Last week, I wrote about a new opinion from the Missouri Supreme Court that found that a driver could recover emotional damages in a lawsuit against the parent of a child that was killed in a truck accident. Today, I found Taylor v. Mucci, a Connecticut Supreme Court issued on Tuesday that reaches a different conclusion in a slightly different context that involves the interpretation of “bodily injury” in an insurance policy.
On Christmas Eve in 2004, the Plaintiff’s minor son, Andrew, was struck by car driven by the Defendant. Andrew’s case settled but Plaintiff maintained a claim for negligence for emotional stress she suffered having witnessed the accident.
At the time of the accident, the Defendant had a 100/300 insurance policy with Metropolitan Property and Casualty Insurance. The trial judge ruled in favor of the defendant, finding that the insurance policy did not cover claims for bystander emotional distress.
The Connecticut Supreme Court agreed that the plaintiff’s allegation of bystander emotional distress resulting from witnessing his son’s injuries does no constitute bodily injury as that term is defined in the Metropolitan insurance policy. The court also found that Andrew’s mother could not recover under the insurance policy language because the payment of the $100,000 per person limit to Andrew also exhausted her claim.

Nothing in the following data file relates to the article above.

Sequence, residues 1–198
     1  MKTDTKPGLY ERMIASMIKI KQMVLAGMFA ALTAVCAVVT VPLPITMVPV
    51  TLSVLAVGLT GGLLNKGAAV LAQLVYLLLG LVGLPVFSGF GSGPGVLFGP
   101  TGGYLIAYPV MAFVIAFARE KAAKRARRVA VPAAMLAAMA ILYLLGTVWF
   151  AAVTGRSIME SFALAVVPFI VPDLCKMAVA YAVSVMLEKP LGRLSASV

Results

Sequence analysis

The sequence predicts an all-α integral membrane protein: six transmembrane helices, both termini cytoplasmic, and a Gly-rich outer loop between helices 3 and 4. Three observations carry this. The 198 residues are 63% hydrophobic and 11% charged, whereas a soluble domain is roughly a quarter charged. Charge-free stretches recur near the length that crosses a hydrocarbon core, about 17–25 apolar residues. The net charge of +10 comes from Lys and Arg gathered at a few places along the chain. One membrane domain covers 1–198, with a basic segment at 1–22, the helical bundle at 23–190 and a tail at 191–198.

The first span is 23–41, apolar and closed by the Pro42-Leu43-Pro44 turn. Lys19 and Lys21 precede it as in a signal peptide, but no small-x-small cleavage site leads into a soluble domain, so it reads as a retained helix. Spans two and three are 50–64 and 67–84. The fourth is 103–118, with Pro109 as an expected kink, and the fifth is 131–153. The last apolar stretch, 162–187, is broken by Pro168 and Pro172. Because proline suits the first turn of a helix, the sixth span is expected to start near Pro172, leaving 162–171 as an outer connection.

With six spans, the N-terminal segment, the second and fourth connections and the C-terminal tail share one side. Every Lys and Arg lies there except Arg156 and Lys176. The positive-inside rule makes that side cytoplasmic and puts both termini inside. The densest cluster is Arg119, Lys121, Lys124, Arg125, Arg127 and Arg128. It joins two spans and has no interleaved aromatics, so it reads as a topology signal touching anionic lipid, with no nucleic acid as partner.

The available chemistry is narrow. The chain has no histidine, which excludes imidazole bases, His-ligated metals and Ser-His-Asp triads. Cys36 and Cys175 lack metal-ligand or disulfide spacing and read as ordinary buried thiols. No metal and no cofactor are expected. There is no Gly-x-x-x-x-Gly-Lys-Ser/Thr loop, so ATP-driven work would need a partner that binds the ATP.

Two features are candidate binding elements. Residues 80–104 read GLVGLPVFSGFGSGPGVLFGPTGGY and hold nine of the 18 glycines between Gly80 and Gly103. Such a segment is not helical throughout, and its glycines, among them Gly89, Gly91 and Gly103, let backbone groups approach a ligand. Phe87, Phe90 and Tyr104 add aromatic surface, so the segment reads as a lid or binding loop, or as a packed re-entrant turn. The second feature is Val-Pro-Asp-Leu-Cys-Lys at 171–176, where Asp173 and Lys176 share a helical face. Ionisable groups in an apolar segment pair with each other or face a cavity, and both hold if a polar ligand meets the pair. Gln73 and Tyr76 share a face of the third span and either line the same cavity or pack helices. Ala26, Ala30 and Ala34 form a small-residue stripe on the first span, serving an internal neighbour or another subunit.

I was a little confused because the Court begin the opinion stating it was affirming the trial court’s entry of summary judgment in favor of the driver defendant but it then concluded solely in terms of whether the insurance company is applicable. I am not sure why in this case on necessarily relates to the other but I think it might have involved some sort of stipulation that that the insurance company would pay for policy limits if the Connecticut High Court found that there was coverage.
Accordingly, if my understanding is correct, I am concerned that the court is saying that claims for emotional distress are compensable but the insurance policies language that defines “bodily injury” does not provide coverage. This will leave negligent defendants exposed to a liability for claims that are clearly foreseeable from car and truck accidents. States interfere with policy language in insurance contracts as a matter of course. Why make a distinction? This is something I would expect the Connecticut Trial Lawyers Association to be working on in Connecticut’s next legislative session.
Taking off my personal injury lawyer and a hat for just one second, I am a little bit uncomfortable with emotional distress claims in all but the most serious of claims. I believe that there should be a cause of action for emotional distress claims. But if I were sitting on a jury, I would not award significant damages in anything other than most extreme cases. This Connecticut case does not flush out the basis for the mother’s emotional distress claim.
You can read the full opinion here.